While hard work and determination are clearly key to setting up an independent art program, chance also has a hand in the proceedings, particularly when it comes to finding a space. Gabriella Sonabend, who now runs The Koppel Project, an art space in a disused bank vault, developed her program after an impromptu meeting with her future mentor. “Although I always dreamed about running my own space and had many conversations about how my ideal space might be, I didn’t intend to start a gallery; I wasn't even looking for a space,” she recalls. Gallery owner and educator Gabriel Gherscovic changed all that when he took over the lease for a building on Baker Street and asked Sonabend to submit a proposal for creative use of the seemingly unusable bank vault in the basement.
Artists Sarah Roberts and Katie Hayward exploring the vault at The Koppel Project. Photo courtesy of The Koppel Project.
Though the space presented significant challenges—“the first time we tried to drill into the walls we realized we’d need a bank heist-style drill bit to penetrate the heavily reinforced vault walls”—Sonabend sees the architecture as a perfect mirror to her curatorial style, which she shares with collaborator Hannah Thorne. The labyrinthine layout proved to be an elegant match for their narrative-led exhibitions. Fittingly, for a project run out of a bank vault, The Koppel Project is built on a sustainable business model, with exhibitions funded by sales as well as partnership with a cafe and a Phaidon bookshop (the only London outlet is hosted by the gallery), both of which occupy the ground floor of the building.
As these models exemplify, an openness to unusual—bordering unusable—spaces can lead to unique exhibition programs that gleefully deviate from the template that many London galleries employ. This kind of creative opportunism means finding space where one can, and results in programs popping up in areas not previously colonized by galleries, diffusing their distribution across the city. Though these exhibitions may match their settings in their idiosyncrasies, budding, fresh galleries offer young artists memorable, inspiring surroundings; shows are most successful when they respond directly to their locations. By occupying spaces caught in the tide of redevelopment, these programs offer vantage points from which to comment on the housing bubble, a phenomenon that impacts the art world, dictating where artists live, have studios, and show their work. The uptake of these unlikely spaces, whether by choice or necessity, can pay dividends both to an art-going public tired of generic exhibitions and to gallerists eager to find curatorial freedom and challenge new contexts. Sonabend may capture the spirit of these programs best: “I would rather work with a bank vault than a white cube any day.”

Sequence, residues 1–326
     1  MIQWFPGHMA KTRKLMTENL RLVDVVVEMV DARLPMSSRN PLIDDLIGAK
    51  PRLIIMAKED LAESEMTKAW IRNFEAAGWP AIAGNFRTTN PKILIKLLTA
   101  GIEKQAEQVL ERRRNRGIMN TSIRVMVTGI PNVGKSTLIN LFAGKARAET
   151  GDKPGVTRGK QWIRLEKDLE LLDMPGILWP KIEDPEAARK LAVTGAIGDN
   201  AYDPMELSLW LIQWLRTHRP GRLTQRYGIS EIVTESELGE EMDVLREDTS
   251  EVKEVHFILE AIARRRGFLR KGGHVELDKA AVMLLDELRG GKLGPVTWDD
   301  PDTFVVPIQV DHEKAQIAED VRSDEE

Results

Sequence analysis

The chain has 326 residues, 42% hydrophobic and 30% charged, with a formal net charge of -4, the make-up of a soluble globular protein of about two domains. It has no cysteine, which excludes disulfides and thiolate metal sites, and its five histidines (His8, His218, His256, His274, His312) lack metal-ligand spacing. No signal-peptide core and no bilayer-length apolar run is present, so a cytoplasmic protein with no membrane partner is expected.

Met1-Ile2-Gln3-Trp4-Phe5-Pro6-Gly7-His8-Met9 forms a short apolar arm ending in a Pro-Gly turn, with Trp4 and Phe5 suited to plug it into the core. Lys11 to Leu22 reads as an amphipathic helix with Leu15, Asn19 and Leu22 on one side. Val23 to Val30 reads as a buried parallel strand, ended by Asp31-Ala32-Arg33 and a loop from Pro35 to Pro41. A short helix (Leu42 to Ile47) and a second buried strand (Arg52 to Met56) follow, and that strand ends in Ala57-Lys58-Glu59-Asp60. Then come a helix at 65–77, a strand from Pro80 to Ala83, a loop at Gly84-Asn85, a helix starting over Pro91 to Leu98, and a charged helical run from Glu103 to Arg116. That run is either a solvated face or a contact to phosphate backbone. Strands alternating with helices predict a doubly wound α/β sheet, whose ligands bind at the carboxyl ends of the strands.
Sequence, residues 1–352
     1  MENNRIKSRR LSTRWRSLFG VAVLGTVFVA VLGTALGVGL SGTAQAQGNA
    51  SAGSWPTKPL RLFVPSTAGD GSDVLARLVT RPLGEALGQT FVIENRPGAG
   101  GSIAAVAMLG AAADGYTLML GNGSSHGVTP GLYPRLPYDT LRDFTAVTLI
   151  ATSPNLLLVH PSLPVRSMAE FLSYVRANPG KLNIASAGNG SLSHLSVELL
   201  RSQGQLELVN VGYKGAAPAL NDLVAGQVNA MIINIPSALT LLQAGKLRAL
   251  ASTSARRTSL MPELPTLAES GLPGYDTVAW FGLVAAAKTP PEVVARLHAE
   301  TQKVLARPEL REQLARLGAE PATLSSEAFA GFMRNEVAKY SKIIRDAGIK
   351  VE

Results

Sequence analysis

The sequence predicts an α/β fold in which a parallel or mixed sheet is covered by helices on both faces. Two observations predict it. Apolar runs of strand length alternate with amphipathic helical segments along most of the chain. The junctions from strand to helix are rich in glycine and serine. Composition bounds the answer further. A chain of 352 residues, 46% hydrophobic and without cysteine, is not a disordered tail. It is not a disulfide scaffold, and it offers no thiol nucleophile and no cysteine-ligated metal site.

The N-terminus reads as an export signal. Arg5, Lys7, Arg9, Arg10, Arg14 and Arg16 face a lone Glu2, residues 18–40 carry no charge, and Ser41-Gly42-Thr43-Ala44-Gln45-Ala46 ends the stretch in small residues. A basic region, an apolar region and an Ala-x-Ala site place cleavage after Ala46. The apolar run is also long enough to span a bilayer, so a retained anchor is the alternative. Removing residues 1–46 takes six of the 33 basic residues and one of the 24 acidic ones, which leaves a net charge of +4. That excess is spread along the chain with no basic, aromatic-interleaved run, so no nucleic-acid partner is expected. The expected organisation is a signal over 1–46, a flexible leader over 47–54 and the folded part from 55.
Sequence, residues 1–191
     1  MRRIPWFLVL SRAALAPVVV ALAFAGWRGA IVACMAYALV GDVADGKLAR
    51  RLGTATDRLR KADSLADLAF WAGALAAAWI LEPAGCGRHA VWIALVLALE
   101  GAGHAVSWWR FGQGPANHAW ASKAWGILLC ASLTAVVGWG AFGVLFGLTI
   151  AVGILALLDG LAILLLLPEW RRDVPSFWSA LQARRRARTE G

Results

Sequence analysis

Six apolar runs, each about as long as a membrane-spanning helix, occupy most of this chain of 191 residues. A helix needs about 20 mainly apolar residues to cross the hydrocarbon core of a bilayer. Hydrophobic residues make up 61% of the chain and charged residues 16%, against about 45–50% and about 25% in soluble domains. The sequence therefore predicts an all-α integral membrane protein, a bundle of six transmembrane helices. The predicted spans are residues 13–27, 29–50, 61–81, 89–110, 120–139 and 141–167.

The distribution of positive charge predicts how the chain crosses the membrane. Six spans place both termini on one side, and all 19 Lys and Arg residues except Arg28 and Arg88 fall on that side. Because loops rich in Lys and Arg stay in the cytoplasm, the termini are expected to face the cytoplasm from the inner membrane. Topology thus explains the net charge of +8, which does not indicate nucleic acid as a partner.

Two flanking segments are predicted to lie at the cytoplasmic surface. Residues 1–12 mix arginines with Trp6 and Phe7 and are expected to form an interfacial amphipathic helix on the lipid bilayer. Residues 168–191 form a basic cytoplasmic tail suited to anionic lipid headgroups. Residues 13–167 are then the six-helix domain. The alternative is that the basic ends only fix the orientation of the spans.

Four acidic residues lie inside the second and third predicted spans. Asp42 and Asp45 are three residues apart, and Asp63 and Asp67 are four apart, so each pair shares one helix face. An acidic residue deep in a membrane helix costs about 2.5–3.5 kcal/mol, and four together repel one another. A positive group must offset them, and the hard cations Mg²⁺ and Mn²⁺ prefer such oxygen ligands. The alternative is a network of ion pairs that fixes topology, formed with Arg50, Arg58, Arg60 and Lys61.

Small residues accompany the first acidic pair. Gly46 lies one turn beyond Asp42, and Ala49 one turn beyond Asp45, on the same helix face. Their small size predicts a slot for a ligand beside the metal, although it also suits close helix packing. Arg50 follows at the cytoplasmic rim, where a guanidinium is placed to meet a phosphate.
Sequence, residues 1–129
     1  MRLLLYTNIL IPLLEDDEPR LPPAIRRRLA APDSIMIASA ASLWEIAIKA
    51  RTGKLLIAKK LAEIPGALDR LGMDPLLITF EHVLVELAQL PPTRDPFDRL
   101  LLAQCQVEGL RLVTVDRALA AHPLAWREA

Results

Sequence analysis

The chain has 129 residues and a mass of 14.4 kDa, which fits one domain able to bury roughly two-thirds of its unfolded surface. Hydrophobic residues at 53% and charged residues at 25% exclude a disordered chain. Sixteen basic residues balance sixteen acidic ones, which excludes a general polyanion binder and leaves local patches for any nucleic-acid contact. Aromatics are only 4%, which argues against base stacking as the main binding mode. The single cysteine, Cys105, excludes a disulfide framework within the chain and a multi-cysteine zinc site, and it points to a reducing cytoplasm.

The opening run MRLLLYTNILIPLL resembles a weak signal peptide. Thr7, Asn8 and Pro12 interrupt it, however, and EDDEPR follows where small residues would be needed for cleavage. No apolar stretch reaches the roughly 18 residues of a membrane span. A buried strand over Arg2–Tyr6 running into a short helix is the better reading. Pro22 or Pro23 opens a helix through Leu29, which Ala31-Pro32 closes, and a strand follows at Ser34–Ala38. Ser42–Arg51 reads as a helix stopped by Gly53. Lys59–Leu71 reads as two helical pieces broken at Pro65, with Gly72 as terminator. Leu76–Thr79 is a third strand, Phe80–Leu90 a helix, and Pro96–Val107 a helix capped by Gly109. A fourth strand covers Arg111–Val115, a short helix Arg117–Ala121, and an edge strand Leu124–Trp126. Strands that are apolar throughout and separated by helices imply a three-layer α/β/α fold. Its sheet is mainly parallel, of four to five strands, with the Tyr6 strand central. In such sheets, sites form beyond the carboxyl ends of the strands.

—Laura Purseglove

“Maybe your lens is scratched?” is on view at the Averard Hotel, Jun. 24–Jul. 24, 2016.

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Paul Outerbridge

Paul Outerbridge, a friend of Man Ray's and Duchamp's, brought a witty eye and careful composition to early color photography.

Avedon, Unsigned

Unsettling in scale as well as content, it’s a half-length portrait, larger than life-size, of a curly-haired teenage boy who stands against a white background holding up the sagging skin and shiny entrails of an eviscerated rattlesnake. The headless animal’s dark blood is spattered across the bib of his overalls; its curdlike guts squish through the fingers on his right hand. The boy’s hieratic gesture is like that of someone performing an ancient sacrifice, and his hard gaze suggests he has been doing this for much of his young life.
Not many would choose such an image to welcome visitors. Mr. Hofmann is clearly proud of it, though, and more than 100 others like it.